Oregon, and others, should be nervous 

March, 4, 2011
03/04/11
2:11
PM ET

We're leading off this week's mailbag with a question on the drama surrounding the Oregon Ducks football program and recruiting services allegations:

From Paul in Oakland: As a Ducks fan, how worried should I be about this recruiting services story?

If you're an Oregon fan, you should be very nervous. And if you're a fan of a lot of big programs, you probably shouldn't be too giddy about the Ducks' predicament, as I'll explain in a moment.

On Thursday night, ESPN reported that the NCAA is examining whether a Texas man helped steer recruits to Oregon. Ducks officials admitted in a statement that they had paid the man $25,000 in the spring of 2010 for recruiting services. The man is a former Texas-based trainer named Willie Lyles, and the recruit in question was former blue-chip prospect Lache Seastrunk, a redshirt freshman running back from Temple, Texas.

Keep in mind that the NCAA has been determined to slow down or stop the the AAU-ization of college football via street agents, runners and dubious middle men that have popped up at a staggering rate in the past few years through the proliferation of the offseason recruiting business and 7-on-7 world.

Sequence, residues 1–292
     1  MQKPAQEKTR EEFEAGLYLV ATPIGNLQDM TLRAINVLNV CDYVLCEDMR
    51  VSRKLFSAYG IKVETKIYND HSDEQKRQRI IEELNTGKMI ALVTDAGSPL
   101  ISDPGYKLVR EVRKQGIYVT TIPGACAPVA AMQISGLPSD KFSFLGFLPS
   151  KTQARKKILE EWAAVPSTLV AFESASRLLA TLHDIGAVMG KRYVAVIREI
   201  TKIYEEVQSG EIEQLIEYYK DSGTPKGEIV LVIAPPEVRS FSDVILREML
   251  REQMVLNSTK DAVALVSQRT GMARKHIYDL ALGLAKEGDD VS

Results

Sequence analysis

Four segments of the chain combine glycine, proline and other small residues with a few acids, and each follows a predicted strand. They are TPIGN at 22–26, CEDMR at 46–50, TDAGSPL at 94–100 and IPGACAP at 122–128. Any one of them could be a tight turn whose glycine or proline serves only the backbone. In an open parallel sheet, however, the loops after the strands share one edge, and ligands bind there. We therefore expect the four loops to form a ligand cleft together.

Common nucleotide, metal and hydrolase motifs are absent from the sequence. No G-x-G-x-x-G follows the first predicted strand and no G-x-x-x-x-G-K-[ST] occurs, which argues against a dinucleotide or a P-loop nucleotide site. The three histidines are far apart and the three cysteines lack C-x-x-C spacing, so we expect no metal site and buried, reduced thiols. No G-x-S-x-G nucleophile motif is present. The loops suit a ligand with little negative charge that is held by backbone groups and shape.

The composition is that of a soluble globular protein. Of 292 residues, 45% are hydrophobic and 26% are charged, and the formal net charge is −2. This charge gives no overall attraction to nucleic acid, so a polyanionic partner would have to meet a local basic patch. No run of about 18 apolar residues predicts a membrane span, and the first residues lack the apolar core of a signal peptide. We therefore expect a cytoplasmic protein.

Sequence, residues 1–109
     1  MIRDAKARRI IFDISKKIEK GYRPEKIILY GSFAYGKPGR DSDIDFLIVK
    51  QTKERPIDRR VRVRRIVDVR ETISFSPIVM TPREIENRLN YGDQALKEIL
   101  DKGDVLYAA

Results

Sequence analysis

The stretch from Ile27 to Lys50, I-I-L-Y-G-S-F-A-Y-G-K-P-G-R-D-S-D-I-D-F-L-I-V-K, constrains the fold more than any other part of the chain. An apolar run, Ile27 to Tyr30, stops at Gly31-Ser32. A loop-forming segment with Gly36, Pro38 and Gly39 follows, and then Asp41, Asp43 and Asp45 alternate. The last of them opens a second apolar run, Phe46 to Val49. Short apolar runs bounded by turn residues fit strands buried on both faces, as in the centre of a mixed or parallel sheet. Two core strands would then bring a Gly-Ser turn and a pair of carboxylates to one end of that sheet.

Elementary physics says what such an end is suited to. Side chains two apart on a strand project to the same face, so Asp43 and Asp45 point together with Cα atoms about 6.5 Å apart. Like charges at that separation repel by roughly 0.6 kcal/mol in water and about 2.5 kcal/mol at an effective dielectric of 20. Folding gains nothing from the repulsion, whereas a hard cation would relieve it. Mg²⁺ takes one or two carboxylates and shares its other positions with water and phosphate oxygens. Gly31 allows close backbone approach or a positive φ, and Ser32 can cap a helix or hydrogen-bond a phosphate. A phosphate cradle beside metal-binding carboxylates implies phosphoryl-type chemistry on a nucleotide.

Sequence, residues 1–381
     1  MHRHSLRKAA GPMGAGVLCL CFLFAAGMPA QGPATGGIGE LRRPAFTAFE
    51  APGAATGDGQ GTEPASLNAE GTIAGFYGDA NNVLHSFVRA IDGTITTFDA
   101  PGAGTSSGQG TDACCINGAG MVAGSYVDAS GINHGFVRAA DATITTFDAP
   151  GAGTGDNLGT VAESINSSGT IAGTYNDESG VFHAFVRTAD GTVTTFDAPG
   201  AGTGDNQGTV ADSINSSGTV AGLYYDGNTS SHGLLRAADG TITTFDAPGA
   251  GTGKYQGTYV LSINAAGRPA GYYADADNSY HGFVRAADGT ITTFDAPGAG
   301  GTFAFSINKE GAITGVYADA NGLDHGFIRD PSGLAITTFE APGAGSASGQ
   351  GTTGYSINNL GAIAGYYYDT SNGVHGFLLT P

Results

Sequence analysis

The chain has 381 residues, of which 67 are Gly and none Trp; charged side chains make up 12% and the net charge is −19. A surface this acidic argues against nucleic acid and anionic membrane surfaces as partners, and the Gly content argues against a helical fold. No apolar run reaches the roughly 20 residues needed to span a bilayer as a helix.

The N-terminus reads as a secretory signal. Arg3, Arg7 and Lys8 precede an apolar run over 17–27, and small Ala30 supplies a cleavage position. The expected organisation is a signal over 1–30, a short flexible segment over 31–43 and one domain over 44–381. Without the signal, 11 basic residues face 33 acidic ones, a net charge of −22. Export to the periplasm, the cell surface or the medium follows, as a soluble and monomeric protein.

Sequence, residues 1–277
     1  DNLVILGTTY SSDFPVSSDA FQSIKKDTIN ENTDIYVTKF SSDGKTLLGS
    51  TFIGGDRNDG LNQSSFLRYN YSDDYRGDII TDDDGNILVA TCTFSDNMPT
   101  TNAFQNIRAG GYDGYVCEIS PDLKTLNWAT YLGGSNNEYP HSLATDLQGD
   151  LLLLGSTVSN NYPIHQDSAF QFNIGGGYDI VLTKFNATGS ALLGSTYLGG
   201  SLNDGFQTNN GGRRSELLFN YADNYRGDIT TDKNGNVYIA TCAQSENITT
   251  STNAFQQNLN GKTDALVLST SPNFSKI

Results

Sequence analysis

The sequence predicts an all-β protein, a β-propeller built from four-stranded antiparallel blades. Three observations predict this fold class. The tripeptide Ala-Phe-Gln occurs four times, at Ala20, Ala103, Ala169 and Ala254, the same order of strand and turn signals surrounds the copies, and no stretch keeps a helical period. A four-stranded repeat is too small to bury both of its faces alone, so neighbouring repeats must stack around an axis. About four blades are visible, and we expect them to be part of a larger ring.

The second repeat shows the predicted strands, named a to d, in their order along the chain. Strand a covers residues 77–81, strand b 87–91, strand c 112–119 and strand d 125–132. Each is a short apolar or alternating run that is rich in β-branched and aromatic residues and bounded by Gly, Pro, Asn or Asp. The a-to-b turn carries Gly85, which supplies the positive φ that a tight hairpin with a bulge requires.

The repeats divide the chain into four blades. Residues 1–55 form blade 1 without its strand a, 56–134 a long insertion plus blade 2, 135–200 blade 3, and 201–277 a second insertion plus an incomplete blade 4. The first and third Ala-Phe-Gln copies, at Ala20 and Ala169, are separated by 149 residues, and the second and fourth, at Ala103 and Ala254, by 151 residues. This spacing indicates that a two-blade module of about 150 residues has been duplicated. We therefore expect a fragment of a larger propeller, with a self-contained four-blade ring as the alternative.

Coach Chip Kelly and Oregon athletic director Rob Mullens said they are confident that Oregon's actions are nothing that should seem out of order. "Our compliance office signed off on it," Mullens told the Oregonian.

The NCAA is going to have some more questions about this, starting with an examination of Lyles' business. How many other schools were buying his service? What information -- recruiting film databases and recruiting updates -- was he providing for that really high fee?


To read more about why Oregon fans should be worried about the NCAA's investigation, as well as read Bruce's answers on Auburn's chances at an SEC repeat, Geno Smith's Heisman candidacy, and whether Texas can turn things around, become an ESPN Insider today.

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